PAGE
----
Attracting scholars who study food since 1981, the Oxford Symposium on Food and Cookery is the oldest academic conference on food history. Every year academics interested in using food studies as a lens to examine modern (and ancient) societies gather at the prestigious St. Catherine’s College in Oxford to take part in a series of discussions and hear the newest findings on food history.
Professor Elisa Ascione, the coordinator of the Umbra Institute’s Food Studies Program, was among those presenting at this year’s conference. Each year’s conference has a theme, and this year’s was “material culture”: the artifacts and objects that are used to manipulate food from its “natural” state and the impact they have on the culture of food and the way we eat and cook.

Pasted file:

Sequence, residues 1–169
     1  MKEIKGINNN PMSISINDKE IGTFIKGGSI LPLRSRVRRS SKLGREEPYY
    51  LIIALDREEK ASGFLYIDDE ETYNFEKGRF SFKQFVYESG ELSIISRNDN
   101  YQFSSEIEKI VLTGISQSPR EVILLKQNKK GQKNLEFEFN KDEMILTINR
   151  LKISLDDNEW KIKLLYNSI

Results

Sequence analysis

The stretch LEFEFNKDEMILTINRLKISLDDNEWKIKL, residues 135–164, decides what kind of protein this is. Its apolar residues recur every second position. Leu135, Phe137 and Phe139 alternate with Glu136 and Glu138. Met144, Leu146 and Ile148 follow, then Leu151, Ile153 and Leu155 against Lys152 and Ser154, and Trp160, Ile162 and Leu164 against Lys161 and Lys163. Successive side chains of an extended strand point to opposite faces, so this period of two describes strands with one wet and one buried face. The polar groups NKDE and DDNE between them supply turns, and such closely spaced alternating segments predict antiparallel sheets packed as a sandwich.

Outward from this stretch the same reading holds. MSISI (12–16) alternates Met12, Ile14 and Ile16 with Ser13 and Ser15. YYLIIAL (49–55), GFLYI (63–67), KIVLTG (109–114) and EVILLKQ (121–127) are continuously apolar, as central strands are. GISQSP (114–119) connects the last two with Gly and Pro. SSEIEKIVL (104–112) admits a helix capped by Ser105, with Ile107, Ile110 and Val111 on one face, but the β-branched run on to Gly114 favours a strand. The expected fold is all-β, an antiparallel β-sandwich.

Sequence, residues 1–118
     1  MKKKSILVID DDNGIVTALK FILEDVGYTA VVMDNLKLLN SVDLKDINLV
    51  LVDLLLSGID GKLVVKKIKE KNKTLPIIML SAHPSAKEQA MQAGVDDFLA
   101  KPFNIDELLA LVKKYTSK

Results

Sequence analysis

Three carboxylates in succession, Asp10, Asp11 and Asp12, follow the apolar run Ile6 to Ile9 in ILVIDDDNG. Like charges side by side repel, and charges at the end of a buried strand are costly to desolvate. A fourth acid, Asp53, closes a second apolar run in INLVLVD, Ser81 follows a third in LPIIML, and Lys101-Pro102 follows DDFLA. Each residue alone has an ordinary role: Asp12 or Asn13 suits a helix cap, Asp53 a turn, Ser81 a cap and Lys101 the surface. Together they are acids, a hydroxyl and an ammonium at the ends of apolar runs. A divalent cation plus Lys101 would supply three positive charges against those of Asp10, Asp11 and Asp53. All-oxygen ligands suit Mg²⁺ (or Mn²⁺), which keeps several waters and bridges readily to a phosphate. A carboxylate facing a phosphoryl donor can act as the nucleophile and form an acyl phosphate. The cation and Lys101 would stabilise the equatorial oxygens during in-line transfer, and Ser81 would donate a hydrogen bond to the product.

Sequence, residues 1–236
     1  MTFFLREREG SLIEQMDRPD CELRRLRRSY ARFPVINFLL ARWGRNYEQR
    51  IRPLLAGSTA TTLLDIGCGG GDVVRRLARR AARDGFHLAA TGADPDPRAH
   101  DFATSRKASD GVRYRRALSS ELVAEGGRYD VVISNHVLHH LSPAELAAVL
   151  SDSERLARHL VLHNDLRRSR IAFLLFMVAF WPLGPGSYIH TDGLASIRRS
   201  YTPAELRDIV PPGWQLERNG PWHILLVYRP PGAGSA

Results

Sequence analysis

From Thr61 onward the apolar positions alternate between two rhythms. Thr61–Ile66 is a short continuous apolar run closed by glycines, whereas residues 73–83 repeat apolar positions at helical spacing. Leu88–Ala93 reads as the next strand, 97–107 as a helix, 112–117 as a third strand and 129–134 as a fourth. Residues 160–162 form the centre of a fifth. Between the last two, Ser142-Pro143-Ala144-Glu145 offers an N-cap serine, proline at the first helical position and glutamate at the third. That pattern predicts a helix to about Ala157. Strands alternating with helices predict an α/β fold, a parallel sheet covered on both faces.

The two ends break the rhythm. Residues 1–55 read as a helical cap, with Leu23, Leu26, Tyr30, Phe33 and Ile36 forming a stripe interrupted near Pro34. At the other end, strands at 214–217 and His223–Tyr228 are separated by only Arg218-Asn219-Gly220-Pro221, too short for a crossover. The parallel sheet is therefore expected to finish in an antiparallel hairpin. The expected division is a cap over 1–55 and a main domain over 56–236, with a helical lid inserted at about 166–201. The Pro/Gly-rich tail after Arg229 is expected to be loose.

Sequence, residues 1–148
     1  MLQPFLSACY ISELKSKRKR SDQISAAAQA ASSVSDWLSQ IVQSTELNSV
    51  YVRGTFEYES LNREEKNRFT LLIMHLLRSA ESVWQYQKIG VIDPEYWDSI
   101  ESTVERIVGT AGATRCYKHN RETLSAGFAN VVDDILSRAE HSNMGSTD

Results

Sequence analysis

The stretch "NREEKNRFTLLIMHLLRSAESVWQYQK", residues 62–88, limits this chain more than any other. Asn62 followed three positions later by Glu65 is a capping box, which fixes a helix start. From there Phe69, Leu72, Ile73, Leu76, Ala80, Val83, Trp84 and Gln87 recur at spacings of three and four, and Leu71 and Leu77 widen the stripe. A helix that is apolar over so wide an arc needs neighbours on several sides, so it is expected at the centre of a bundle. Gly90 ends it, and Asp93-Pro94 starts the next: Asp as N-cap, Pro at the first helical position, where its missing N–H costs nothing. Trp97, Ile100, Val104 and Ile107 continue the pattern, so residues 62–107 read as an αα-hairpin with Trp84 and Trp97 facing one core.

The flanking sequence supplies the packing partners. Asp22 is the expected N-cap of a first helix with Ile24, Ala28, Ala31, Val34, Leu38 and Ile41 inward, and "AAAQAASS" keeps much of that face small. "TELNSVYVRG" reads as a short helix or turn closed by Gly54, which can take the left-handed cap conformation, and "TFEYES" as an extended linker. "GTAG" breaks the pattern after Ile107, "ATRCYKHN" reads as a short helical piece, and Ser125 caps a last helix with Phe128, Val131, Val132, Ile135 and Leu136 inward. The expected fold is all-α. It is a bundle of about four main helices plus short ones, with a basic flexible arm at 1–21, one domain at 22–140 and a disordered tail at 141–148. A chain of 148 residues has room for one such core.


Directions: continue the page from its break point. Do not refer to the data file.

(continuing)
Within this broader theme, Ascione’s paper focused on the way new objects are charged with meanings and social expectations in Italian modern kitchens, especially for women. Her research explored the way a very popular all-in-one food-processor and cooker, described as a “magic” appliance by its owners, acquired an almost totemic status because it is an “unclassifiable” object that defies symbolic boundaries linked to different activities of transformation. In this paper she shows that food preparation and cooking retains deep symbolic meanings even when it is performed through modern technological equipment.
Ascione’s paper is under consideration for publication in the conference’s Proceedings.